Charlie’s Bench, a holy place

Author Randy Randall and his faithful sidekick Scout enjoy some late summer sun on Charlie’s Bench. Photo courtesy Randy Randall

October/November 2022

By Randy Randall

The “liar’s bench” is a feature of many small towns in New England and elsewhere. Found in front of the courthouse, or the post office, or the crossroads store, or beside a weather-worn fish shack, or the local gas station; the liars’ bench is the gathering place for the village oldsters. A bench in Central Park serves the same purpose: a place to rest, be with old friends and swap the news, some of it not entirely factual.

The liar’s bench is a long-lived small-town institution, and we carry on that tradition with Charlie’s Bench. We didn’t name it until after Charlie died. No one else sat there as long and as often as Charlie Quentin. Charlie was a neighbor, a machinist and a customer. After his wife died and he sold his boat, Charlie developed a summer routine. After his breakfast he’d wander down to the marina and sit on the bench in the morning sunshine. He’d stay until his stomach told him it was time to go home for lunch and a short nap. He’d return in the afternoon.

Charlie was the quiet type, but friendly, and he greeted customers as they came and went from their boats. He became such a fixture people thought we had hired him or that he owned the place. After he died, we nailed a plaque to the bench that simply said “Charlie’s Bench.” I’ve been sitting on the bench a lot lately. It’s a pleasant place to pass a summer afternoon. More than anything I enjoy hearing the stories people tell about their day on the water; the fish they caught or lost and the fantastic broad reach they sailed across Saco Bay. The children tell wide-eyed tales about the seals they saw, and the eagle soaring above their boat, and the minke whale swimming. The fishing guides stop at the end of a long day and drink a soda and talk about their clients. Friends sit on the bench and wait for more friends before they hug and kiss and head off to their boat.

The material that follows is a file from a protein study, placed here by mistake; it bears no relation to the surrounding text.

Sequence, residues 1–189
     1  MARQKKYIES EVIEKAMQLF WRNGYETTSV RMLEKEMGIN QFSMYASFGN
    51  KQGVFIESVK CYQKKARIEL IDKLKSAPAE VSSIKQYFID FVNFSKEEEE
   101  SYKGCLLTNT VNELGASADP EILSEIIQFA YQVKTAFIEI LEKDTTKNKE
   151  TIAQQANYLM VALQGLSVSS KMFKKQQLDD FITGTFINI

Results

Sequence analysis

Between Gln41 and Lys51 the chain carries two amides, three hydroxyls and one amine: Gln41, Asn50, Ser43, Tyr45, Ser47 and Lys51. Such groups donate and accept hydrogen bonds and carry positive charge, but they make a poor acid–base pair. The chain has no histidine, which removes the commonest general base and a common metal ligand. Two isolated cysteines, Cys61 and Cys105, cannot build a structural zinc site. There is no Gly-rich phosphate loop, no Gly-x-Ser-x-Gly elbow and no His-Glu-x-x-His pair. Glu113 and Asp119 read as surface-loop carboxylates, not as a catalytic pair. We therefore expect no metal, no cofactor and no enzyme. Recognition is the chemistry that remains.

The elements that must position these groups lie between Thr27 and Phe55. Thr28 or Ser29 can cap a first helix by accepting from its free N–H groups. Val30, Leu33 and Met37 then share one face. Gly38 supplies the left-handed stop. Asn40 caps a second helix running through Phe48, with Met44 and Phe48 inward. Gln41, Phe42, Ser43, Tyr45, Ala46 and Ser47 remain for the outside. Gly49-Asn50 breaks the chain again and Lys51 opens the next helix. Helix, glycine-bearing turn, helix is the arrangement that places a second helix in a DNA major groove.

I hear a lot of grumbling from guys on the bench. If it’s not the high price of fuel, it’s the cost of bait, or the heavy traffic on the river, or the lousy forecast that predicted seas two to three feet but they had four to six out on the bay.

Our bench is well worn. It’s been a part of our deck since we built the new office thirty-five years ago. I’m very aware I’m sitting where so many old timers sat before me: guys like Charlie, and my dad, and the McNally brothers, and Bill Marston, who started this business; and Joe Garland, one of our oldest customers, and literally a hundred more old timers.

The bench has history. Even the President, Mr. George Bush (#41) stopped and sat for a few minutes one summer day. “Nice place you got here,” he said. “Thank you, Mr. President,” I said.

People ask me where I get ideas for my stories and articles: Well, a lot of them come from Charlie’s Bench. Just watching and thinking and listening. Sitting there on a brilliant July afternoon brings a sense of gratitude – thankful to be here, to see the blue sky, the white clouds, the green trees: feel the ocean breeze, watching the rolling river and all the boats floating on the tide. I know some people sit on benches inside a church and have the same feelings; so, I guess you could say our bench is holy. Amen to that.

Frequent contributor, correspondent and friend. Randy Randall is co-owner of Marston’s Marina in Saco, Maine, and a dreamer and waterman of the first order.